56% of customers reported satisfaction with a customer service email response time of 24 hours or less. Reduce that response time to one hour, and that number increases to 89% of customers. Provide speedy response, and you’ll make customers for life.
Bain & Co. notes that an increase in customer retention by 10% translates to an increased company valuation of 30%. There is a lot to be gained by snagging that extra market share.
On the flip side, fast customer service prevents every company’s worst fear — negative word of mouth. You don’t want a customer complaining in the heat of anger about your slow service on Facebook.
Thank the customer
You really should. Even customer complaints are an opportunity. They give you a chance to make a great impression. They may be pointing out a weakness that you can correct. That feedback from a customer who already put faith in you is worth a thousand market surveys.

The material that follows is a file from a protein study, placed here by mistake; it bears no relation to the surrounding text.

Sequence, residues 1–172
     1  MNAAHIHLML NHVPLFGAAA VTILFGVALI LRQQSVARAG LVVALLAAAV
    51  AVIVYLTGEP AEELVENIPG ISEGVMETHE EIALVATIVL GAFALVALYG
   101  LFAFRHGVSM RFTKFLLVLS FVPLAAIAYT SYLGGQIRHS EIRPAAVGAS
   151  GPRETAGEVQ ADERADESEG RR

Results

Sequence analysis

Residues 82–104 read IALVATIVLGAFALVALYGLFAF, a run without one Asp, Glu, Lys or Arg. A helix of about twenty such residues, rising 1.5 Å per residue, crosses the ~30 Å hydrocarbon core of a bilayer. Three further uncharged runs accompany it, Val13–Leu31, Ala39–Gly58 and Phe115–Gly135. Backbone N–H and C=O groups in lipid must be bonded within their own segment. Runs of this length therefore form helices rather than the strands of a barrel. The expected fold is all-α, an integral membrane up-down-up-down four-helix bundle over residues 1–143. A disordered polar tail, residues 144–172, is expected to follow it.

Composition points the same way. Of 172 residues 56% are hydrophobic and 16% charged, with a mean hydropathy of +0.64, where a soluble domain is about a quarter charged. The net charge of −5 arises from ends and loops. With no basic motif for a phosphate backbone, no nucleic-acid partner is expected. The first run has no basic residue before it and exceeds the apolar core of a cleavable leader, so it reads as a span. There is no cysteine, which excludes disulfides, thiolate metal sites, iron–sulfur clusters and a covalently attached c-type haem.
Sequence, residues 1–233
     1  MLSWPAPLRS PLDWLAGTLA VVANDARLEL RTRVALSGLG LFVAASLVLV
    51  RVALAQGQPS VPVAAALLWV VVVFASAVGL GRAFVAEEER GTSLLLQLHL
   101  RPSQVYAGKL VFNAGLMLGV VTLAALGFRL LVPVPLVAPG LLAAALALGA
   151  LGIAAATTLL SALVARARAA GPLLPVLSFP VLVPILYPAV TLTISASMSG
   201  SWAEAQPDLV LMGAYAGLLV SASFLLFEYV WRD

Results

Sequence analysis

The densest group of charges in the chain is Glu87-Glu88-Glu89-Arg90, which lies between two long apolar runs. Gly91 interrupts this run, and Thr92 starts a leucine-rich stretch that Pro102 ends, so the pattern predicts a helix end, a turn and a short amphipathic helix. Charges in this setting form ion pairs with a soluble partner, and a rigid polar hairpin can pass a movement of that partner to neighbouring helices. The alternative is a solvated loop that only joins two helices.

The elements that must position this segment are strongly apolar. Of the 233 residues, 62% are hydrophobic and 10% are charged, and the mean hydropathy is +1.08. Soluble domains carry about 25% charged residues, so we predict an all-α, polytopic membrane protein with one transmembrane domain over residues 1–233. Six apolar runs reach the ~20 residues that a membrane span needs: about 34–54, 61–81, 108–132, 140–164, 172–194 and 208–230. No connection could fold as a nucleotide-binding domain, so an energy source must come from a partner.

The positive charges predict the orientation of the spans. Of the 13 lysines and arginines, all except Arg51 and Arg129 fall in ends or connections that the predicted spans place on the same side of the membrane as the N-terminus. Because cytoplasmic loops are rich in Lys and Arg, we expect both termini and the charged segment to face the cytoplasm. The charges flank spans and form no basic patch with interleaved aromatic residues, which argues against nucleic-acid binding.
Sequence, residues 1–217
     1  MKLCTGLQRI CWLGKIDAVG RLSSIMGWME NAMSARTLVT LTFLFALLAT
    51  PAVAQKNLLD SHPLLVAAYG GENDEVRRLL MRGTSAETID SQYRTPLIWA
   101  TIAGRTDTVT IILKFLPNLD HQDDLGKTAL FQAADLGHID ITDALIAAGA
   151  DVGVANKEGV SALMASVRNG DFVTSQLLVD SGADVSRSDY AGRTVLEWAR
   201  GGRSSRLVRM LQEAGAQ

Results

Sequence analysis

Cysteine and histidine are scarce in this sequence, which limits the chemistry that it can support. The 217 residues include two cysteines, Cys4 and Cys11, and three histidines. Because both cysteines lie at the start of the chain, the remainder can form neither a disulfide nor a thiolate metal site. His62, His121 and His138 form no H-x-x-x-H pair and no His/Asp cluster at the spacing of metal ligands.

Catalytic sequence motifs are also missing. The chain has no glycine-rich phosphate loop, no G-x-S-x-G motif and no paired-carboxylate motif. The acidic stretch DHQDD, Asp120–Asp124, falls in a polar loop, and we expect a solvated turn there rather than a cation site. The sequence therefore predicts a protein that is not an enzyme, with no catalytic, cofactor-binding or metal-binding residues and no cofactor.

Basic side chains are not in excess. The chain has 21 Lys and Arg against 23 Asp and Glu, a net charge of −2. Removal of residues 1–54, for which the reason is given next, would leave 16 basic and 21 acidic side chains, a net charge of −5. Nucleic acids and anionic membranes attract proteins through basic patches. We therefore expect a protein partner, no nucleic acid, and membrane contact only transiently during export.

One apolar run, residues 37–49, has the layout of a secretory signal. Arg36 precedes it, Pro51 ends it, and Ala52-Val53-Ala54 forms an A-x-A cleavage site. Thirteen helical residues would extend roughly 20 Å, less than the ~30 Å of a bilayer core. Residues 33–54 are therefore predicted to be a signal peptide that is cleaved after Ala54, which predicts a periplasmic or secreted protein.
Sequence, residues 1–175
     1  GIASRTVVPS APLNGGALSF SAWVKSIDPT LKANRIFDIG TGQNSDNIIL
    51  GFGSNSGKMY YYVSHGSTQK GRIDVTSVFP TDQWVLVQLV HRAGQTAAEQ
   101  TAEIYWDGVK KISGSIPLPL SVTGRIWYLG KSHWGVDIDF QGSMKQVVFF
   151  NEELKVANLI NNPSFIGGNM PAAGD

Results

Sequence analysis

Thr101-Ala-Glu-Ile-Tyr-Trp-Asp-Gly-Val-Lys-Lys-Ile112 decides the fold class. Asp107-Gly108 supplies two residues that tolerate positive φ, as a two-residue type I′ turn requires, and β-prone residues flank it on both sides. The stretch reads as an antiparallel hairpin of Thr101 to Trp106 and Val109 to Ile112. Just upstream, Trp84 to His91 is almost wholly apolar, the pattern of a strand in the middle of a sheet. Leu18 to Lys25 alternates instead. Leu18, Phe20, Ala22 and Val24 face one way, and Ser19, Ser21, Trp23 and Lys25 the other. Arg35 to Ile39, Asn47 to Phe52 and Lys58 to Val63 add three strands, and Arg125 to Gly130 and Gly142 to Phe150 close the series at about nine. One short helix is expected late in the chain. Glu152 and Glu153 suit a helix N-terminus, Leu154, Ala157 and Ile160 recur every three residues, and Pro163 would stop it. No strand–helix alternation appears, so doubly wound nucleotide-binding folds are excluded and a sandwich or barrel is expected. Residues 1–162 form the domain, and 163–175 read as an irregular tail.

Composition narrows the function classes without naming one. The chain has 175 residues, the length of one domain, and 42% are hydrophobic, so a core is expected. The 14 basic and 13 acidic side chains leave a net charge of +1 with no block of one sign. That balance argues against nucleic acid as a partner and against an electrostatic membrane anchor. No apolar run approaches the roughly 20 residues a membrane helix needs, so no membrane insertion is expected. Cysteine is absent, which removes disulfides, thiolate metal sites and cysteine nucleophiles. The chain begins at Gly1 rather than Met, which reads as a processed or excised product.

Begin and end each customer service email graciously. The customer isn’t raining on your parade; he or she is doing you a favor. They are engaged with your business in a priceless way.
Deliver bad news first, good news second
“What do you want first? The good news, or the bad news?” Studies actually demonstrate a widespread preference for the latter. Four out of five people prefer to hear the bad news first. In face-to-face conversation we often screw this up, preferring for our own comfort to ease into the bad news. Take advantage of the impersonality of email to leverage this preference. Give them the medicine, then the spoonful of sugar.